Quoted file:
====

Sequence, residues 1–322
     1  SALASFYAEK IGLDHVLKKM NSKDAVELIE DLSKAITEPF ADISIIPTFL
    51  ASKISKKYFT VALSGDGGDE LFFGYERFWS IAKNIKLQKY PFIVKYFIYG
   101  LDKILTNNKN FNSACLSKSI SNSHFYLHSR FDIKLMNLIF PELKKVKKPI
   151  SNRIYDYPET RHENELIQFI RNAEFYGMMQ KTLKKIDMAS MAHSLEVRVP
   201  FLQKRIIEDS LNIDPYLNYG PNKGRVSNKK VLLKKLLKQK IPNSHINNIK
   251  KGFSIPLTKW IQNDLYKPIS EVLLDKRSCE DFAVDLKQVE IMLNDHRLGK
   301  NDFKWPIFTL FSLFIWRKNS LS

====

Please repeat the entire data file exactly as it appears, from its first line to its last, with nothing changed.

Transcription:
Sequence, residues 1–322
     1  SALASFYAEK IGLDHVLKKM NSKDAVELIE DLSKAITEPF ADISIIPTFL
    51  ASKISKKYFT VALSGDGGDE LFFGYERFWS IAKNIKLQKY PFIVKYFIYG
   101  LDKILTNNKN FNSACLSKSI SNSHFYLHSR FDIKLMNLIF PELKKVKKPI
   151  SNRIYDYPET RHENELIQFI RNAEFYGMMQ KTLKKIDMAS MAHSLEVRVP
   201  FLQKRIIEDS LNIDPYLNYG PNKGRVSNKK VLLKKLLKQK IPNSHINNIK
   251  KGFSIPLTKW IQNDLYKPIS EVLLDKRSCE DFAVDLKQVE IMLNDHRLGK
   301  NDFKWPIFTL FSLFIWRKNS LS